Puma and Jeff Staple have collaborated twice before, but neither collection was as large as NTRVL.
The line boasts both performance and lifestyle elements, designed to have the wearer seamlessly transition from the gym to the office and out at a bar with friends. In the collection are five Puma sneaker styles reimagined by Staple: Ignite EvoKnit, Ignite 3, Limitless, Clyde and BOG Sock. The kicks are executed in a black and white color palette, as well as Staple’s signature gray and pink tones.
Aside from the size of the collection, what makes NTRVL different from past Staple collections are the performance elements, something the renowned designer has only dabbled in once before with snowboard label Burton for its Idiom project alongside Hiroshi Fujiwara of Fragment Design.
Prior to its release on Saturday and global launch at Puma stores and puma.com on March 25, Staple spoke with Footwear News on Thursday at a media event in NYC about the challenges creating a large collection, why one shoe for all purposes just doesn’t work and the future of NTRVL with Puma.
Watch on FN
Footwear News: Does your approach change when designing something performance-oriented versus something with a more lifestyle or casual focus?
JS: When you’re designing for streetwear, it’s more about form; what it looks like is more important than how it works. You’re not going to wear the Rihanna Creepers to play basketball in; they’re more for form. But when you’re designing a line like this it’s function first, so everything came first from a usability standpoint.
[Yesterday] I was cleaning up the boxes because the first season is over and I can no archive those samples, and with those first samples there’s no color, it’s just black and white; it was more about testing the usability of it. After we got that down we were like, what colors are the polkadots, where do we apply that logo. But the first part was getting the functionality right.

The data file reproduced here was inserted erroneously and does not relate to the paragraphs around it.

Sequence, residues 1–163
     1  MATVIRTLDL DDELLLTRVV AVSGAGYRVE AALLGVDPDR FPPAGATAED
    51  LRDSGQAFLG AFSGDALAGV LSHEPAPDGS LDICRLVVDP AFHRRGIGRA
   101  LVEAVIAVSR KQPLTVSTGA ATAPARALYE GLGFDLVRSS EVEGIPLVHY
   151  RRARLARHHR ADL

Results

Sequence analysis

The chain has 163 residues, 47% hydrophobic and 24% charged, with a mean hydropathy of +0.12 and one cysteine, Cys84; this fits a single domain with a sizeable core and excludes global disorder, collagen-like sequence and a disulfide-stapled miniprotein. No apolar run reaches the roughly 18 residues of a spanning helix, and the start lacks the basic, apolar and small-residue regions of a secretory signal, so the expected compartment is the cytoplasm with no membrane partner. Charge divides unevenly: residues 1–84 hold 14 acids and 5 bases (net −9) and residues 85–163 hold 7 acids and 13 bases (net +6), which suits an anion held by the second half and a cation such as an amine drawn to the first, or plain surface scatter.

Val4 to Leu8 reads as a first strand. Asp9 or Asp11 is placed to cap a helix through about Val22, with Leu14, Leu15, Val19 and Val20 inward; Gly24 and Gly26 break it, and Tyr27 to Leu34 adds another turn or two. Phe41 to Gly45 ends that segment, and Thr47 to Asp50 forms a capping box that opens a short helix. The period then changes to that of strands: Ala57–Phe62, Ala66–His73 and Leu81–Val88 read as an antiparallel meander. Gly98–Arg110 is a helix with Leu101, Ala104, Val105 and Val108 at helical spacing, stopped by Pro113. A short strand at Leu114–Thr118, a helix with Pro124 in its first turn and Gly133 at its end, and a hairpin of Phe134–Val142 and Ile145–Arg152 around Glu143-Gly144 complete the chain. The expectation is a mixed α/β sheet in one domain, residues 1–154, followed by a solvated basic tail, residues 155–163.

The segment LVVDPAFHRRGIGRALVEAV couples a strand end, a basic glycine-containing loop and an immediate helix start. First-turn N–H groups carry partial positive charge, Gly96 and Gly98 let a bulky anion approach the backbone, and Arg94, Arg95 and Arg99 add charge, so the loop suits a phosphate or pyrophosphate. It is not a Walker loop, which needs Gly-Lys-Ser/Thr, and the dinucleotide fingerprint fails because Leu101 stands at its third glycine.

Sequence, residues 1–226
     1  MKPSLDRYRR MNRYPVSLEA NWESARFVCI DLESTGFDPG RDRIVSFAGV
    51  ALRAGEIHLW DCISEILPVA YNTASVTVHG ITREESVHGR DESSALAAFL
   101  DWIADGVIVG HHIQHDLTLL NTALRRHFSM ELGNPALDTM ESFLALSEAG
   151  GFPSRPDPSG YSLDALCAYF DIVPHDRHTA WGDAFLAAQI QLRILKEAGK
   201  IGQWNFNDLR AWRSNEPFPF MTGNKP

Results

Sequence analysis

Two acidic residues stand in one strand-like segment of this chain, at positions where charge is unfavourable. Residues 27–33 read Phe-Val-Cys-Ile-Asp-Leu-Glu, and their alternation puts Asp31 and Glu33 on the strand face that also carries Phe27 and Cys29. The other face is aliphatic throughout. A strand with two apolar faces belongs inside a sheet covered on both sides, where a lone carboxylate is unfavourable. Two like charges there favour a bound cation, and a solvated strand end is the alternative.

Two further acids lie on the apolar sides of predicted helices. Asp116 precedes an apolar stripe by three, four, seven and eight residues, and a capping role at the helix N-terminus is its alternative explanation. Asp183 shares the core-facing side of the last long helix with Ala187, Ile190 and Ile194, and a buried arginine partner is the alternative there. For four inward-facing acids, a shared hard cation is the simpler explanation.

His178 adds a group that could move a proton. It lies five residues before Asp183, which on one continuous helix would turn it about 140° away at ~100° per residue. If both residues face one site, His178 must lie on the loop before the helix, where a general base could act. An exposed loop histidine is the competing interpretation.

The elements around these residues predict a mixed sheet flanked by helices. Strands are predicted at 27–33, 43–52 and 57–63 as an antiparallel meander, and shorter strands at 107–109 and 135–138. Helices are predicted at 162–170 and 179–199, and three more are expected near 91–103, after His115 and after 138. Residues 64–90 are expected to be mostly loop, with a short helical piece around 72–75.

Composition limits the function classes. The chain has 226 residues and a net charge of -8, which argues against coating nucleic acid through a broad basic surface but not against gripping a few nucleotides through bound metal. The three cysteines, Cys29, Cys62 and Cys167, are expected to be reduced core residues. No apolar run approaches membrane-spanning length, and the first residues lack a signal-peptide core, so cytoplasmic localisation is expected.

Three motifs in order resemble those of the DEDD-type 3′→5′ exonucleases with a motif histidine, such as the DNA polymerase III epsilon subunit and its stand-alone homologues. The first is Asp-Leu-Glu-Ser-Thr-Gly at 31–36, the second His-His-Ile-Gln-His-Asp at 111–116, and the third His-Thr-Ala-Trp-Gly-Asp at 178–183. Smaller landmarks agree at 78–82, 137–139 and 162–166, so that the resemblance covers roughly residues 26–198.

There are five sneakers in the initial NTRVL drop. But for footwear, the athleisure trend would ideally have you in the same pair of sneakers at the gym, at the office and at dinner. Does this one pair of sneakers for all activities concept work?
JS: No. After a month of doing that, they’re not going to hold up that well. The thought process behind NTRVL was modular-ness, almost like building a Jenga tower; when you go out for the day, instead of packing three individual outfits for work, gym and going out at night, it’s more like modular layering so you could build on top and take off. It’s more about modulation versus replacement.
But you’re talking to the wrong guy who’s got like 2,500 pairs of shoes.
What were some of the challenges in developing such a large footwear and apparel collection?
JS: With a big line everything takes a lot longer. The design sessions with my other collabs with Puma could be done over an email and there could be a one-hour meeting. The meetings for this, I had to go to Boston or Germany for an eight-hour powwow and hunker down for six or eight hours and bang out all of these specs.
If you did a collab with someone and it’s just one shoe and one top, the fact that it’s now 10 shoes and 10 tops doesn’t make it that much harder, you don’t work on it as a mass thing, you take each one as you go. It’s the same process as doing one SKU, it’s just times 10. It’s not harder, just a lot longer and work intensive.
The only other step you need to do is when you’re done with the 10 designs, zoom out and say, “Does this whole thing look holistically cohesive together.”
Do you see yourself doing more design work in the performance athletic space?
JS: I would ideally love to, but I need a partner involved in it. I don’t want to open up development for my own performance division of Staple; I’d rather let a company that has that access to work together with them and do it. [NTRVL] is great because it’s a very specific take on performance, it’s about transitioning from performance to life, it’s not pure performance. It’s about I could zip this up with these shoes and go to a board meeting and feel just as confident; that was the call to action with NTRVL. If it weren’t for the trend of athleisure, there’d be no purposefor an NTRVL because it wouldn’t even be allowed in the workplace.
Puma confirmed at least two more seasons of NTRVL. What can we expect for fall ’17 and spring ’18?
JS: Totally new shoes [not on the market], new silhouettes are coming. And eventually it’s going to expand into men’s and women’s.
There’s a similar vibe in the sense that some shoes are strictly meant for the gym, some are strictly casual, and then there’s the transition shoes that could work in both. The apparel is much heavier [for fall], and another theme is instead of the adaptability of the spring-summer, the theme in fall is more about reversibility, having two colorways per one style, which connects to the shoe, too. Some of the shoes have an olive and navy colorway, which is kind of weird, but I liked how it came out. The jacket, one face might be navy and then you reverse it and it’s the olive side, but the shoes match with either side of the jacket.